Fall Foliage and Fruits
This weekend heralds our last open days for 2018 and there’s still lots to see. While asters and dahlias continue to bloom unabated, it’s the vivid colors of fall foliage and fruits that steal the show. As the sun hovers low on the horizon, its rays shoot through our Woodland Garden, illuminating the golden leaves of spicebush (Lindera umbellata) and the rich reds of dwarf fothergilla (Fothergilla gardenii). Surrounding our parking lot, angelica-tree (Aralia elata) and Persian ironwood (Parrotia persica) are also colouring up, in a range of pink and reddish tones.
Fall leaf colour results from the differing cocktail of pigments contained within the foliage. As temperatures cool, green pigments degrade revealing a mixture of other chemicals, mainly carotenoids and anthocyanins. Carotenoids get their name from carrots – they are the source of the orange colour – and fall leaves rich in carotenoids tend to be yellow. Anthocyanins are responsible for red and purple leaves, and also the color of strawberries and blueberries. It’s the proportions of these pigments that determines the color of fall leaves.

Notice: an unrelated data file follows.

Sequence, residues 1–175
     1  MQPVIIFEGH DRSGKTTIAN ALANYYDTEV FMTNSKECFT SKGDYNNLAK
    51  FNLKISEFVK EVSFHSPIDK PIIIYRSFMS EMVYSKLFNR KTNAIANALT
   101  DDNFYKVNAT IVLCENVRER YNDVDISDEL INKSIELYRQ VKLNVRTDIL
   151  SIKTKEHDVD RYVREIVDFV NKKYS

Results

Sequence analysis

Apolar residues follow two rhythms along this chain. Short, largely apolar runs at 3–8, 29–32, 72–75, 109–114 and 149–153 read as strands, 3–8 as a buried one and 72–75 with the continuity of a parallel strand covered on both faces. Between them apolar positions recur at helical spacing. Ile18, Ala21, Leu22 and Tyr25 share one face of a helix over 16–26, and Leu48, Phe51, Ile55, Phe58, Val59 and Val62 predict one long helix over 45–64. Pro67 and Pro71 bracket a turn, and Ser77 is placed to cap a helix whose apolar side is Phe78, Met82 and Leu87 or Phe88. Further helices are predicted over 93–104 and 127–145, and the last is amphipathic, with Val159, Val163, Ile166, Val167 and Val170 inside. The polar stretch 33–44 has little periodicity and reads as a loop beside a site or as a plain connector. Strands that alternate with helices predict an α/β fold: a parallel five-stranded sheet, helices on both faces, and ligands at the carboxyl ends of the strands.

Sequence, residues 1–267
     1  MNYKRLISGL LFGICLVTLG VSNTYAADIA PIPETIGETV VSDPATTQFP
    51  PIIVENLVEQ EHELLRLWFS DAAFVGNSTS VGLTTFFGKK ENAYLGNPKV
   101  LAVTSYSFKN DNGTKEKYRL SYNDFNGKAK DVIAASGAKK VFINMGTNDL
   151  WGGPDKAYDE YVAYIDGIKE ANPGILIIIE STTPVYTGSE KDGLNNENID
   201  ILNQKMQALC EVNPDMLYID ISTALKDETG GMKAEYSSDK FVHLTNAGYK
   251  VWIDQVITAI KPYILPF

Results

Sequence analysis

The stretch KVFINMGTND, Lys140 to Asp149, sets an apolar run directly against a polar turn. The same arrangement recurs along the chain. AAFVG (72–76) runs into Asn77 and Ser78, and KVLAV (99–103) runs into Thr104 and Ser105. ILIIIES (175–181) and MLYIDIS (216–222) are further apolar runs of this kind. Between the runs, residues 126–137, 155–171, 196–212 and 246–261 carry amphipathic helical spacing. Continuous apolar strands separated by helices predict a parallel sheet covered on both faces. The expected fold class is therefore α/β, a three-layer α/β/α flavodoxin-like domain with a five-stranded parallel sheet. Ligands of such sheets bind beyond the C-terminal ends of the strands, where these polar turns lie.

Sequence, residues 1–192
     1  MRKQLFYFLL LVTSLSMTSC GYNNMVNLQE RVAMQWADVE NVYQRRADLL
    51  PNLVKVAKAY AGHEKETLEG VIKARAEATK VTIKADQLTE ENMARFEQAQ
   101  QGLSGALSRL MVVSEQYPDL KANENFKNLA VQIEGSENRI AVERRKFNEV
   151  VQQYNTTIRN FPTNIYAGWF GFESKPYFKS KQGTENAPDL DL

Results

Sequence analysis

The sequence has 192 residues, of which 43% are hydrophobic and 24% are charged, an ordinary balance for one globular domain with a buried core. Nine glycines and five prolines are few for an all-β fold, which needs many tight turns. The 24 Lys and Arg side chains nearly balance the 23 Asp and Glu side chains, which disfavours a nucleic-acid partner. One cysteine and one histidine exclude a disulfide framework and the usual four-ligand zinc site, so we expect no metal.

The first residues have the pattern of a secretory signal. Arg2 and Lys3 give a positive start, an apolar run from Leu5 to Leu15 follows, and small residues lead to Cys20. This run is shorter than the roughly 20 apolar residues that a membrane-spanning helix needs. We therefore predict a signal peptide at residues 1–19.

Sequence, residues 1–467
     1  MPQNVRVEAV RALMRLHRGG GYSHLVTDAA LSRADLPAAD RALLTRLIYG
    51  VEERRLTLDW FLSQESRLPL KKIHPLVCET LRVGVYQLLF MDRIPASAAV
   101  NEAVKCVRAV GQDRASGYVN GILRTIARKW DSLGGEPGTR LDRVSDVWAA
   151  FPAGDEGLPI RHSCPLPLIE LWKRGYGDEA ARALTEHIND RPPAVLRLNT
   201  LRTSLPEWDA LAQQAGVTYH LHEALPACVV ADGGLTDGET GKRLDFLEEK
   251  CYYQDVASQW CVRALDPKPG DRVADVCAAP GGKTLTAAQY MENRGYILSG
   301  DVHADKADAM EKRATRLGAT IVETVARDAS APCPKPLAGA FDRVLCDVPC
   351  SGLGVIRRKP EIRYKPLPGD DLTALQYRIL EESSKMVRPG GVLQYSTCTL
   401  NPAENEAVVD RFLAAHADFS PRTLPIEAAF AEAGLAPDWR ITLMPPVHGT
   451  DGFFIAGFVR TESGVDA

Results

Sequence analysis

Fruits also derive their colors from these pigments, but though fruits come in a bewildering array of colors, red and black are by far the most common. These two colors help to attract hungry animals, who feed on the fruits and disperse the seeds in their droppings. Here at Heronswood, our viburnums and hollies are starting to glow. While colourful fruits are most often seen on trees and shrubs, many herbaceous arisaemas also put on a performance. They develop scaly clusters of fleshy fruits that appear strangely reptilian. With age, the clusters break apart, scattering the soil below with individual segments that resemble candy corn.
And candy corn provides a handy segway to Halloween. With the spooky season almost upon us, I tried to think of the scariest plants at Heronswood. Alas, we can’t grow tropical orchids of the genus Dracula, nor bat plants (Tacca chantieri) or strangler figs. We do have Dead Man’s Fingers (Decaisnea insignis), whose blue, digit-like fruits are stuffed with gooey slime – find them on the south side of the Potager. Our pumpkin patch has also provided a tip top harvest – join us on the 20th and you can carve your own for $5. While this weekend is our last open garden, come visit on 26-27th (from 5-9 pm) for Haunted Heronswood. Explore the garden under cover of darkness, but beware that carnivorous plants may be lurking!
– Ross Bayton, Heronswood Taxonomist